We’ve been speaking with Tinkerine, a Vancouver-based manufacturer of personal 3D printing gear. It seems they’re… Read the whole entry…
The United Launch Alliance (ULA) is taking Stratasys 3D printing technology to new heights with the elimination of unnecessary tooling and production costs for the Atlas V rocket. ULA’s new initiative introduces the robust FDM thermoplastic, ULTEM 9085, 3D printing material into its existing rocket design for the Environmental Control System (ECS) duct – slashing its production costs by 57% and reducing its assembly from over 140 to just 16 production parts.
United Launch Alliance (ULA) is taking Stratasys 3D printing technology to new heights, using it to develop enhanced, low-cost production tooling and to reduce production costs for the Atlas V and Delta IV rockets’ flight hardware. ULA’s new initiative introduces the robust FDM thermoplastic, ULTEM 9085, 3D printing material into its existing rocket design for the Environmental Control System (ECS) duct system – slashing the system’s production cost by 57% and reducing the ECS assembly from over 140 to just 16 production parts. ULA’s shift from traditional metallic applications to 3D printed tools has changed the way it has operated over the last 30 years.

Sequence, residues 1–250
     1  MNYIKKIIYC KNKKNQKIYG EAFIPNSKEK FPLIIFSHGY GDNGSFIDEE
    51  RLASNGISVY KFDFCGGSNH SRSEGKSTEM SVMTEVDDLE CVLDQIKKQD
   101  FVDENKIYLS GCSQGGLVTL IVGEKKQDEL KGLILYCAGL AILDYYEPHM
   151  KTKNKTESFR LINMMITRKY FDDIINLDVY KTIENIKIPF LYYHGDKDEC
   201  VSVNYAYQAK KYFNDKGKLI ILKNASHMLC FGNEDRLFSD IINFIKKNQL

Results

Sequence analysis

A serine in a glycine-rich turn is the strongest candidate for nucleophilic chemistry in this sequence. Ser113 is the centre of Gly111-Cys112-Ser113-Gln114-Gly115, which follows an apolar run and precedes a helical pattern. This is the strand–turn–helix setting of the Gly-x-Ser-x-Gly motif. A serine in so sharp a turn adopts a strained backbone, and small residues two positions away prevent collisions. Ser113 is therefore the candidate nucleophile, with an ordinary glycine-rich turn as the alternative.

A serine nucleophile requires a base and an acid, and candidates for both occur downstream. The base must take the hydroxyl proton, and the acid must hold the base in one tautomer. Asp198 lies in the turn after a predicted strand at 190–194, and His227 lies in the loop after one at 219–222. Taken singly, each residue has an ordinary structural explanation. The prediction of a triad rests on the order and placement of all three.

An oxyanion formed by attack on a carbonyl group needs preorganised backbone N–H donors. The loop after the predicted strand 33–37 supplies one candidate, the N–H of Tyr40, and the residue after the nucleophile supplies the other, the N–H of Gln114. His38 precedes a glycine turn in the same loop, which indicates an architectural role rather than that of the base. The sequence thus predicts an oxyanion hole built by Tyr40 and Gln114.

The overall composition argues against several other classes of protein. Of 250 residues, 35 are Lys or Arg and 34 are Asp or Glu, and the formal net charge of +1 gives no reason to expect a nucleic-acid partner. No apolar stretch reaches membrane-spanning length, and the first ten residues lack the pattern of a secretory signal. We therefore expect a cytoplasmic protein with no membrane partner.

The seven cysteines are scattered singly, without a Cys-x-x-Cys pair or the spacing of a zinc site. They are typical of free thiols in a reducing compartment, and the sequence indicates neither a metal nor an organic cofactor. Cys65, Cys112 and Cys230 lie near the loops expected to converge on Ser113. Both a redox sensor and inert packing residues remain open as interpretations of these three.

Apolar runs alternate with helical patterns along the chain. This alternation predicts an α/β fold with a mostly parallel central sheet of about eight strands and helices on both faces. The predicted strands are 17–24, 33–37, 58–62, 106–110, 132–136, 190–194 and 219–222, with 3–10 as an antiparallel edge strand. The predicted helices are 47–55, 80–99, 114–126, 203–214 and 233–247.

On Friday, Motherboard reported that 3D printing company MakerBot laid off 20 percent of its staff today, estimating that approximately 100 people from the 500-person company had their positions cut. MakerBot has been the friendly face of 3D printing for about six years, marketing to a “prosumer” audience rather than business-class customers with more intensive rapid prototyping needs. In 2013, MakerBot was purchased by a seasoned rapid prototyping and 3D printing company called Stratasys, which has been in business since 1989
Do you believe that 3D Printing can add value in education? Are you a 3D printing enthusiast? Do you like helping others?
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It’s April and Apple has released their new Apple Watch. Did the 3D printing world notice?
Interested in color 3D printing? Who isn’t? Now there’s another way you can do so
Using 3D printing and a bit of ingenuity, the “Comfortably Numb” team out of Rice University may have just made going to the doctor’s office a little less painful. More: Simple but ingenious invention takes the ouch out of injections